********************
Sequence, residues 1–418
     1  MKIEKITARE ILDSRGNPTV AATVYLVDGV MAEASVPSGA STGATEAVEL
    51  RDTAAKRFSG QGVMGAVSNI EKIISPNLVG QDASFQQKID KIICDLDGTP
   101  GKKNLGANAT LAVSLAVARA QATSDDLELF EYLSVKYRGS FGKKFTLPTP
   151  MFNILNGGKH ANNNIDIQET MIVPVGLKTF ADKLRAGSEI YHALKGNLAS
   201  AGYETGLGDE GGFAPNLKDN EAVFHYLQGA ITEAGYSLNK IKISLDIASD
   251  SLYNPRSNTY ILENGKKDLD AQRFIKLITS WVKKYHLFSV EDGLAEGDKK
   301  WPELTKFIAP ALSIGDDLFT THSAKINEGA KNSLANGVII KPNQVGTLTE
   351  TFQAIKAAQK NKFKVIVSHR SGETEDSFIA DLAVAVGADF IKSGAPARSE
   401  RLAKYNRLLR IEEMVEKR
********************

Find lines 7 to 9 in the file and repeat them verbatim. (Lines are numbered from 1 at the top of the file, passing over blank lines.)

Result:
   251  SLYNPRSNTY ILENGKKDLD AQRFIKLITS WVKKYHLFSV EDGLAEGDKK
   301  WPELTKFIAP ALSIGDDLFT THSAKINEGA KNSLANGVII KPNQVGTLTE
   351  TFQAIKAAQK NKFKVIVSHR SGETEDSFIA DLAVAVGADF IKSGAPARSE